Notes from South Wales. (From our Special Correspondent.) Cardiff Bigotry. Whilst the JVestern Mail and the Conservative Lord Mayor of Cardiff strongly advocated the conferring of the freedom of that city on the Right Hon. D. Lloyd-George, on the occasion of his forthcoming visit in connection with the Cymmrodorion St. David's Banquet, a number of local Conservatives made a dead set against the proposal, so that the idea has had to be abandoned. In an excellent article, the Western Mail chided the bigots for such an exhibition of narrow-mindedness. The splendid reception which the brilliant Welshman is certain to receive by the Cymmrodorion Society, will, however, more than compensate for the pitiful action. The Late Alaw Ddu. Welshmen generally, will be glal to hear that the fund started with the object of perpetuating the memory of the late "Alaw Ddu (Mr. W. T. Rees), of Llanelly, is being well received. Alaw Ddu was the composer of some beautiful musical works which have afforded cheer and pleasure to thousands. The well-known hymn tune, Glanrhondda," was due to Alaw Ddu's inspiration, and so was that lovely glee, Y Gwlithyn." And all who have heard the cantata, The Good Shepherd," cannot fail to have been impressed with its beauty. As one who has been charmed with many of Alaw Ddu's compositions, I wish the movement to keep his memory evergreen the highest possible success. A Good Welshman for London. Mr. W. Wilkins, who is leaving Llanelly for London, has been one of the most prominent Welshmen in South-West Wales, and his departure leaves a gap which will be very difficult to fill. Mr. Wilkins is a member of the Llanelly Urban District Council and Harbour Trust, and has filled the chairmanship of both bodies. He is also a member of the County Council, in which position he has showed good business skill. Religious and social work at Llanelly have found in Mr. Wilkins an earnest advocate. He is a deacon with the Calvinistic Methodists, and has filled the position of super- intendent of an institution, which, to every true Cymro, is always revered and cherished—the Sunday School. Mr. Wilkins ought to prove a welcome acquisition to the London Welsh community. A Good Move. Welshmen in Wales note with satisfaction the decision arrived at by a representative gathering of London Welshmen, held at the National Liberal Club the other evening, under the presidency of Mr. William Evans, of the Board of Trade, to invite the 34 members for Wales
SOUTH WALES BUSINESS NOTES. [In this column it is our intention to bring before the notice of our numerous readers the features of various businesses calculated to prove of use and assistance to them. Proprietors of shops, hotels, &c., desirous of such publicity should communicate with us. ] RUPTURE -If others fail, try the "Easifit" Truss, which fits the most difficult cases. Manufactured on the premises by Allen Pearce, 23, Charles Street, Cardiff.
Easter Holidays. WHERE TO STAY IN WALES. LLANDUDNO.—St. George's Hotel. LLANGOLLEN.—Edwards' Hand Hotel.
TliE SUCCESS OF LONDON BOYS IN CANADA. It might interest many of your numerous readers," writes an old correspondent from Hamilton, Ont., to know that Owen Jones, late of London (nephew of Mr Hirwen Jones), has won a Free Scholarship (Pianoforte), under Principal Dr. Torrington, at the Toronto College of Music. Professor Torrington is very able and best known in Canada, and it is considered a great honour to be under his tuition. Mr. Jones also belongs to the Doctor's choir. The boy is employed in one of Toronto's largest drapery stores in the daytime, but takes his lessons twice a week. And I may here state that he and a brother and friend upon their arrival in Canada were immediately snapped up at the first place they tried, and that at the best and largest stores in the Dominion. So if there are any of your readers having sons from 15 up and don't know what to do with them,-they can feel quite safe in letting them come out here. Canada will soon find room for them, and with such a climate and good living they cannot help getting on. Canada is booming all over, and our ex- perience of the climate since August is simpty charming. Scarcely any frost or snow, yet on the borders of Lake Ontario, where, by the- way, grapes, peaches, strawberries, raspberries, apples, plums, &c., &c., are cultivated outdoors in the finest and best orchards anyone could wish to see. Between Niagara Falls and Toronto, a distance of over 80 miles, is the fruit garden of Canada. Wishing you and old friends a happy and prosperous new year."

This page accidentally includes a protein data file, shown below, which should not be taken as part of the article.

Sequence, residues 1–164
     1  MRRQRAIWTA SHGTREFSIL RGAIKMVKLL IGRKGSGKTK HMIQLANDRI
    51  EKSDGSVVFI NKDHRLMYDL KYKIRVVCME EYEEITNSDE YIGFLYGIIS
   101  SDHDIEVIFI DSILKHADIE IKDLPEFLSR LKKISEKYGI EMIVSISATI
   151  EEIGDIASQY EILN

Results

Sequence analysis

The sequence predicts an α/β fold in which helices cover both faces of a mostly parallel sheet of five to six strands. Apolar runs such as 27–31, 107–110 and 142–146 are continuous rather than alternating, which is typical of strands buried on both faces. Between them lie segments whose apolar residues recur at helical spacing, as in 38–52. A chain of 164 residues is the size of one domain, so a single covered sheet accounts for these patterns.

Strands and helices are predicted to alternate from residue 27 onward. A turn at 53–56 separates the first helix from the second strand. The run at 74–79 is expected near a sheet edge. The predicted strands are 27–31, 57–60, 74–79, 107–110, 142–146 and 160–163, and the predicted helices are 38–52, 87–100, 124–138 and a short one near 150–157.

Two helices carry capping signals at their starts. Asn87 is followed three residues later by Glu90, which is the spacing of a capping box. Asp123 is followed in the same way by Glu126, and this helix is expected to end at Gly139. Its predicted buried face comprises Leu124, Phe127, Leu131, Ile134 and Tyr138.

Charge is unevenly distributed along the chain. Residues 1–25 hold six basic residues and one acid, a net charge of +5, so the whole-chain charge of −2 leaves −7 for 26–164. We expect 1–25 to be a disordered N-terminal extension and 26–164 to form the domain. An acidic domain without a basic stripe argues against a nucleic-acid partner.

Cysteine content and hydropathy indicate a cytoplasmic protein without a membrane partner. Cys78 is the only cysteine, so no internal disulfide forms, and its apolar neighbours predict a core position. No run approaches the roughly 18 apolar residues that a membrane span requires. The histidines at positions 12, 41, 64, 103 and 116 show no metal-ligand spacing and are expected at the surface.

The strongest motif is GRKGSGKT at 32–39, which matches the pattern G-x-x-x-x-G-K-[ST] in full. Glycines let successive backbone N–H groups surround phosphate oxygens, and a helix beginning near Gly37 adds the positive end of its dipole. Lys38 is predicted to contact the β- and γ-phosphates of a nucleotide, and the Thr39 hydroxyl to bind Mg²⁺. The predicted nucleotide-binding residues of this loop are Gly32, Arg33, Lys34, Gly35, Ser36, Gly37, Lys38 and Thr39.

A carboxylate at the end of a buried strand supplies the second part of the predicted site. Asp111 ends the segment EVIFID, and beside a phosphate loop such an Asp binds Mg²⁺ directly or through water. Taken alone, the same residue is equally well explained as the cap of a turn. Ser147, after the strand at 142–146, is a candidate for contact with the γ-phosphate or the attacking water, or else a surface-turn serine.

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and Monmouthshire to a congratulatory recep- tion at one of the large public halls in the metropolis. The idea is a most excellent one in every way, and the gathering ought to prove one of the most interesting in the history of the Welsh nation. It should also prove a fitting opportunity for securing a photographic group of the whole of the Welsh members, the value and uniqueness of which was commented upon by Mr. Herbert Davies in a recent issue of the LONDON WELSHMAN'S correspondence columns. A photographic group of the combined Welsh members would be sure to sell well amongst the thousands of Welshmen desirous of pos- sessing an interesting memento of "All Liberal Wales." A Very Strange Country. The following sympathetic little sketch which appeared in the last issue of a Glamorganshire weekly is so true to life, that I reproduce it in these "Notes":—"A fairly heavy fall of snow occurred on Tuesday. How the schoolboys enjoyed themselves making snow men, snow- balling each other, and anyone else who came within their line of fire. What if they did break an occasional window they enjoyed themselves. How many of the grown ups are there who would not give a truck load of windows to be as happy and healthy as these red cheeked school- boys who are romping in the snow ? But what brings happiness to some brings sorrow to others. Outside work is very scarce, and the snow has stopped what bit there was. See those two strong lusty navvies coming along ? They have done no work for over a week on account of the frost and snow. They have had nothing to eat for two days, and the houses that they venture to call (the poor man's home) have nothing to give. Why don't they call at the rich man's home, you ask? Well, simply because the rich man would send for a policeman and charge them with the abomin- able crime of begging, and then their names would appear in the police-court news. Likely enough the magistrates on the bench would read them a little homily on the sin of being poor, the sin of being hungry, and, more heinous than all, the sin of asking a fellow- being to give you a crust of bread to keep body and soul together. This is a very strange country we live in, my masters." Yes, it is. Poverty is a terrible crime Welsh Drama. Not only is there increased interest being taken in the Welsh language, Welsh history, and Welsh nationality generally, but in Welsh drama as well. The public performance of "The Maid of Cefn Vdfa," at Aberdare, the other night, for example, aroused keen local interest, and it was so well appreciated that repeat performances had to be given. There was a time when a performance of The Maid of Cefn Ydfa was only deemed worthy of a travelling theatre, but the more Welshmen read of this beautiful Welsh romance, the greater does their appreciation become. Welsh and English Poets. "English poets did not approach poetry in the same spirit as the Welsh. Shelley went to love nature, Wordsworth went to think about nature, and Tennyson to study the laws of nature. But the Welsh poet went to nature to see God."—Rev. T. M. Davies, Solva, before the Cardiff Cymmrodorion Society. Sunday Golf at Llandudno. I have followed, in company with many others, the agitation now going on in Llandudno on the question of Sunday golf, with much interest. From what I understand, Mr. Cummings, the lessee of the link of the North Wales Golf Club, has been informed by the Ecclesiastical Commissioners, owners of the land, that the lease will not be renewed except with a clause prohibiting play on Sundays. Hence the commotion. The Club members number some 300, and chiefly belong to Liver- pool, Birmingham, and Manchester, and Mr. Cummings has informed a pressman, so I notice, that if play is prohibited on Sundays these 300 members will cease their visits to Llandudno, which will mean "an annual loss of ^20,000." I do not want to unfairly criticise anybody; but I, for one, will not believe the statement that the men who play Sunday golf at Llandudno spend ^20,000 per annum in the town. According to this figure 300 Sunday golfers spend nearly ^400 per week in Llandudno This sounds like one of those tall American stories we read so much about. The religious denominations in the town, headed by the vicar and Nonconformist ministers, are supporting the agitation against Sunday golf, on the ground that it would be detrimental to the moral and material interests of the town, whilst the hotel proprietors, tradesmen, and others have sent a memorial to the Commissioners, pointing out that the stoppage of Sunday golfing would prejudice Llandudno in its competition with other seaside resorts, that the position of the links is isolated," that it is impossible that such play can hurt the feelings of the strictest Sabbatarians," that Sunday caddies are not allowed, and that with the exception of twenty local members, the remainder are visitors.